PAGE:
Earlier this summer, while I was on the elliptical machine watching The TODAY Show, Matt Lauer introduced a story about teenagers who post pictures of their friends on social media while they are passed out drunk. Several young people were interviewed sharing how funny they thought it was to do this to their friends. The interviewees felt it was all just harmless fun. The story then took a different direction and went on to discuss the dangers of binge drinking as well as the evils of having your picture posted for the world to see you face down in a pile of puke or sprawled out next to a toilet. The story was disturbing to say the least (probably because, unfortunately, I remember being in such a position on occasion myself as a teenager. Who’s with me on being super grateful we grew up before the invention of Facebook, Twitter and Instagram?).
Immediately after Matt’s report, Natalie Morales launched into her big story of the hour; a behind the scenes look at the upcoming movie, Fifty Shades of Grey. Viewers were warned children should be “shooed from the room” for the next few minutes as the content was not suitable for young ears.
As I am sweating on the machine, watching the show, I begin to think to myself (as Natalie is sharing her stellar journalistic ability), how ironic it is this story is being shown on the heels of a story about how we need to warn our young people about their dangerous, wreckless behavior.
That thought prompted me to ponder all the mixed messages we receive throughout the day…from radio and television, even messages we receive from one another.
For example: Would I have the courage to admit to a bunch of other women talking about the book Fifty Shades of Grey that I would never read the book or see the movie? How would that statement make me look and how much would I care about how they felt regarding my decision? I’d like to think I am confident enough in who I am to be honest with my opinions face-to-face and then be able to withstand the negative commentary which might come as a result of making that statement.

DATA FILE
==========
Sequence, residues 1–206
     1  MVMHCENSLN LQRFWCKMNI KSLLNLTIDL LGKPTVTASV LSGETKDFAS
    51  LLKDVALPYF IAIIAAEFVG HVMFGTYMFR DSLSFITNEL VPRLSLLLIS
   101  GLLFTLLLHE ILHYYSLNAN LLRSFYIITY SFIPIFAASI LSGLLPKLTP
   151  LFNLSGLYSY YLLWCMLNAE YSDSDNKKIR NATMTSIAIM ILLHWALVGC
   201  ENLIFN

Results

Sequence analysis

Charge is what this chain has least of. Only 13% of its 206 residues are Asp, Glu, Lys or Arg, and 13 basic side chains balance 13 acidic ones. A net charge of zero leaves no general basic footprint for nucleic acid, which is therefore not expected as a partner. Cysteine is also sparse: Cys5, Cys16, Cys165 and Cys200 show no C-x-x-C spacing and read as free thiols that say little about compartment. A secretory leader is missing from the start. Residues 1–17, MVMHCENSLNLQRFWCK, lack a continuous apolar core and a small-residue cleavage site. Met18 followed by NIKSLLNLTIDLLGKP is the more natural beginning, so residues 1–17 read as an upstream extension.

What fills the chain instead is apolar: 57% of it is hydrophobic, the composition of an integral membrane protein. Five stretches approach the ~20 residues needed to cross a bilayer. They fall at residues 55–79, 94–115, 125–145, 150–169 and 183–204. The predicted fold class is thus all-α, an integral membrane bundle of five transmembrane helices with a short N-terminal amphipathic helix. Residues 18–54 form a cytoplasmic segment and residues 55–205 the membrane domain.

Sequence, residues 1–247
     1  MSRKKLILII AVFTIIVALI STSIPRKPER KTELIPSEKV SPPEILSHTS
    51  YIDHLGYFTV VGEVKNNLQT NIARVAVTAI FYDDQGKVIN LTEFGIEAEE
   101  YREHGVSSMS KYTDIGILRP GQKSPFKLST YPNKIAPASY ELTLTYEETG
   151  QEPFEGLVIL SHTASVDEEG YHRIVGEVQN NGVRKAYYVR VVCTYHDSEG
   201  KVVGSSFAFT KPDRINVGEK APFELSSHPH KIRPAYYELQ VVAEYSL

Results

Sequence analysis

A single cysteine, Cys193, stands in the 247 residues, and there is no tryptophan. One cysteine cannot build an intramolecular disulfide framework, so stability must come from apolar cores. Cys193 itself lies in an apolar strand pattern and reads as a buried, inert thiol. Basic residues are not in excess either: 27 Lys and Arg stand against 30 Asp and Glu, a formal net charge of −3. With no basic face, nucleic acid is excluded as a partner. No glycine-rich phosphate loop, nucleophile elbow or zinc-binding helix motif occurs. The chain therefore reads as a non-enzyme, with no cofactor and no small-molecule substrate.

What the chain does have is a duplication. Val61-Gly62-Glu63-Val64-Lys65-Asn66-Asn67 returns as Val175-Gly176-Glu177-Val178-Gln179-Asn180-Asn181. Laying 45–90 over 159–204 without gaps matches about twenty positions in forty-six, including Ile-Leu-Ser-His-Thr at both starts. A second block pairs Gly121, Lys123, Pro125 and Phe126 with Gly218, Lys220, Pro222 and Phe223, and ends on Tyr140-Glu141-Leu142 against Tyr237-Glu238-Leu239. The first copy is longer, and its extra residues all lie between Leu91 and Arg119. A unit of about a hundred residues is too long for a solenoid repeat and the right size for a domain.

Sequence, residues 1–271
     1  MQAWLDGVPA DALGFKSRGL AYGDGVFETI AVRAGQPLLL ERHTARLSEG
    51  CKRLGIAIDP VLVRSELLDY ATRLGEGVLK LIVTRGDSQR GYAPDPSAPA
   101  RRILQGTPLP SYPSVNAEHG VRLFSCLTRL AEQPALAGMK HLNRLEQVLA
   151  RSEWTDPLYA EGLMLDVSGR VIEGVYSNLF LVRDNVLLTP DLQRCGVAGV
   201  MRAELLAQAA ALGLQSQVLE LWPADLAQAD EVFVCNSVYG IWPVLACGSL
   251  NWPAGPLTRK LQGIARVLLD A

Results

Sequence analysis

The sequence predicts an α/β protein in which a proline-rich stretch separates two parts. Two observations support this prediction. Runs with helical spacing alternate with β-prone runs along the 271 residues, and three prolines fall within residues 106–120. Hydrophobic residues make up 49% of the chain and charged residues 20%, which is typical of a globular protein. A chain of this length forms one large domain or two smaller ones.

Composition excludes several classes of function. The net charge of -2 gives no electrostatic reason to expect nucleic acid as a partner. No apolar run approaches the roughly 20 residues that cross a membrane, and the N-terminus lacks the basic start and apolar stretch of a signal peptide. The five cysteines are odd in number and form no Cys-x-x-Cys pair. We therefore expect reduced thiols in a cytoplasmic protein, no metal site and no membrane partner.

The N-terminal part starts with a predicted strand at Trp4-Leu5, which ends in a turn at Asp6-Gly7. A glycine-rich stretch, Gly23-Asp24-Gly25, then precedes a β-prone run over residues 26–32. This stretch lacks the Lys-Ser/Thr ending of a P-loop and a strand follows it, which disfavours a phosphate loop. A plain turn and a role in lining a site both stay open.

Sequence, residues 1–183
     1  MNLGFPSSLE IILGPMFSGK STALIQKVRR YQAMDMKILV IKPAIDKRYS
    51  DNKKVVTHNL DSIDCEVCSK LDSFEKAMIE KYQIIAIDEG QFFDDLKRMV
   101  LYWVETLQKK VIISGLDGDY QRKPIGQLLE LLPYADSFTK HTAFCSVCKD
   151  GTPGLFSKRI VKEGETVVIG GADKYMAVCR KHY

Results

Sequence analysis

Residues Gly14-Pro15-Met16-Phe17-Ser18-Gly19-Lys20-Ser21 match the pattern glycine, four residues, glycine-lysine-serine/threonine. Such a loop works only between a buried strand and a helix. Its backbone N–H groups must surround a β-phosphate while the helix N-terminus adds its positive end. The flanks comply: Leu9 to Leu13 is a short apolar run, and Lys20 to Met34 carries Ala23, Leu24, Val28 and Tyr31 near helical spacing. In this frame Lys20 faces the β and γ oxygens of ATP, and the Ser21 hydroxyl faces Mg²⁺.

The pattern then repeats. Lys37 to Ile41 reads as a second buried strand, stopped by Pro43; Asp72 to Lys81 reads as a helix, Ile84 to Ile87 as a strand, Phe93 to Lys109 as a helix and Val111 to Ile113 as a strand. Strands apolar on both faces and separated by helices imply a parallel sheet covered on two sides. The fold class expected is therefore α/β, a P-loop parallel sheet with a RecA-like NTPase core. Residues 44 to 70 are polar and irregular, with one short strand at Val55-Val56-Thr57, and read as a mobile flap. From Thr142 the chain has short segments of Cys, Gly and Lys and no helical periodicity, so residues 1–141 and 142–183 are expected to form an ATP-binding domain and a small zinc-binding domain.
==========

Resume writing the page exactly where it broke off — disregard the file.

As adults it can be challenging and confusing at times to make decisions about what we allow into our lives, whether it is through the media because we don’t want to appear “out of the loop” or too uptight…or even while standing among a group of other adults discussing our family’s values or what we have decided our teen’s curfew is.
If it is difficult for us at times, imagine how challenging it is for our kids.
Instead of condemning adolescents for what they watch or how they behave, maybe we could concentrate on what we are doing so that our example is one they might desire to emulate. I think we often forget we are in the drivers seat for what they do and see, especially when they are young. Guiding, in a non-threatening manner by role modeling is the best way I can think of to influence our kids to make healthy choices for their own minds and bodies.
As they say, “what goes in is what comes out…”.